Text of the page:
The use of a precipitate containing magnesium is further applicable to processes of DNA restriction digest filling using DNA polymerases to amplify the DNA. DNA polymerases are used in restriction digest filling to extend the 3′ ends resulting from digestion with restriction enzymes for the purpose of producing 5′-sticky ends. The process comprises separating the digested DNA strands; contacting each 3′ end of the separated nucleic acid molecules with oligodeoxyribonuclotide primers; extending the 3′ ends using DNA polymerase to create blunt ends; and allowing the DNA strands with the newly synthesized 3′ ends to reanneal to its complementary strand.
In a further aspect, the present application provides kits for the use of the magnesium precipitate hot start in PCR reactions. Accordingly, a reagent containing a pre-formed precipitate containing a source of phosphate ions and a source of magnesium ions and other PCR reagents are provided in the form of a test kit, that is, in a packaged collection or combination as appropriate for the needs of the user. Instructions for utilizing a precipitate containing magnesium in a process of amplifying a target nucleic acid are provided in the kits of the present invention. Preferably, the kit provides a pre-formed precipitate containing magnesium ions and instructions for utilizing the precipitate to amplify a nucleic acid sequence. In another embodiment, the kit comprises a container comprising a source of phosphate ions and a container comprising a source of magnesium ions, wherein combining two sources at a temperature of below 34° C. results in the formation of a precipitate, and instructions for using the source of phosphate ions and a source of magnesium ions to amplify a target nucleic acid. The kit can of course include appropriate packaging, containers, labeling, and buffers for amplifying a target nucleic acid. In another preferred embodiment, the kit also includes a DNA polymerase and more preferably, deoxyribonucleoside triphosphates. In another embodiment, a kit comprises instructions for using a source of phosphate ions and a source of magnesium ions in amplifying a target nucleic acid sequence.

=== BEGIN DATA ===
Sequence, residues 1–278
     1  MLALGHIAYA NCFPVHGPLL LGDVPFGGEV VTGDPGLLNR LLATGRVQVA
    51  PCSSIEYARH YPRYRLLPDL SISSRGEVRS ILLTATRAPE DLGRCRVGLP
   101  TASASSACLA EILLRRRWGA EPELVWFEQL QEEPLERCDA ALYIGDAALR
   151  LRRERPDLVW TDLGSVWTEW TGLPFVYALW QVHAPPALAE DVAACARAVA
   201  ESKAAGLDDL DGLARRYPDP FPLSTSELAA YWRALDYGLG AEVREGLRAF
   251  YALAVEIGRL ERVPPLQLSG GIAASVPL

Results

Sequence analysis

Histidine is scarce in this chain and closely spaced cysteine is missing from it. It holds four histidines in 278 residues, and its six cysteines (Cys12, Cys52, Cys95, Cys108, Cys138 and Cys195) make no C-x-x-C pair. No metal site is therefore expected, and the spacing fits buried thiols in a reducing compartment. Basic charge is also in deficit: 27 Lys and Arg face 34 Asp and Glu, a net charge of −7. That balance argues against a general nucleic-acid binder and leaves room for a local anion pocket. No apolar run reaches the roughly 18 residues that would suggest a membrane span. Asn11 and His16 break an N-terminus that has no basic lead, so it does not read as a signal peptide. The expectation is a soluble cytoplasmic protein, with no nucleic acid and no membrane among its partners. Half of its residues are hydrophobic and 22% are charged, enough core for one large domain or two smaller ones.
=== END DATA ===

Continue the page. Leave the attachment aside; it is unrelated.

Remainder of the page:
The following examples illustrate the invention.
The Effect of Phosphoric Acid Concentration on PCR Product Amplification
The human tissue plasminogen activator (t-PA) gene was amplified using different hot start PCR methods. The standard PCR program for this gene included holding the reaction for 3 minutes at 68° C., after which 40 cycles were performed with the following parameters: 93° C. for 50 seconds, 67° C. for 40 seconds, and 68° C. for 5 minutes. The primers for the amplification of human t-PA gene were:
t-PA forward 7: GGAAGTACAGCTCAGAGTTCTGCAGCACCCCTGC (SEQ. ID. NO. 1)
t-PA reverse 7.5: TGGGATTATAGACACGAGCCACTGCACCTGGCCC (SEQ. ID. NO. 2).
The choice of primers follows Degen et al., J. Biol. Chem., 261(15):6972-6985 (1986) and Flynn S. (unpublished, 2000). The enzyme that was used was KlentaqLA. The expected size of the product was 880 bp. In addition to the standard protocol, all the samples in FIG. 1 were incubated at 30° C. for 30 minutes prior to the first step of the PCR reaction (warm start). This step was included as a control for the efficacy of the magnesium precipitate hot start.
The manual hot start was achieved by adding 5 ul of 35 mM magnesium chloride after 30 seconds at 68° C. (hot start is denoted in FIGS. 1 and 2 with a letter H), whereas magnesium chloride was added at room temperature to warm start reactions. The warm start involving the additional step of incubation at 30° C. for 30 minutes was denoted with a letter W in FIG. 1. B denotes a standard or bench PCR protocol, wherein all PCR reagents are mixed and are directly transferred to the cycler. The superscript designation in FIGS. 1 and 2 denotes the concentration of phosphoric acid in the reaction, which was included in the TAT buffer. For the magnesium precipitate hot start, the appropriate TAT buffer (4.5 ul) was incubated with 35 mM magnesium chloride (5 ul)for at least 10 minutes at room temperature to allow precipitate to form, after which the master mix was added to the tubes. The mastermix contained the following:
10 mM each dNTP (each 0.5 ul/rxn)
10 ul tPA forward primer (1 ul/rxn)
10 ul tPA reverse primer (1 ul/rxn)
10 ng/ul human DNA (0.05 ul/rxn)
5 M Betaine (13 ul/rxn)
100% DMSO (0.75 ul/rxn), and
KlentaqLA Mix (5 ul/rxn), wherein KlentaqLA Mix consisted of 2.25 ul KlentaqLA, 15 ul TAT, and 132.75 ul dH2O,
and sufficient volume of dH2O so that the total volume of the reaction is 50 ul.
The reactions were then run in the RoboCycler40 thermocycler at the previously specified conditions. The amplification products were observed on the agarose gel stained with ethidium bromide.
In FIG. 1, the concentration of phosphoric acid ranged from 3 mM to 7 mM, whereas in FIG. 2 it ranged from 5 mM to 19 mM. As can be seen from the Figures, the magnesium precipitate hot start was as efficient as the manual hot start. The optimal concentration range of phosphoric acid in the manual hot start is between 5 mM and 7 mM, however the method still works well at concentrations between 3 mM and 13 mM.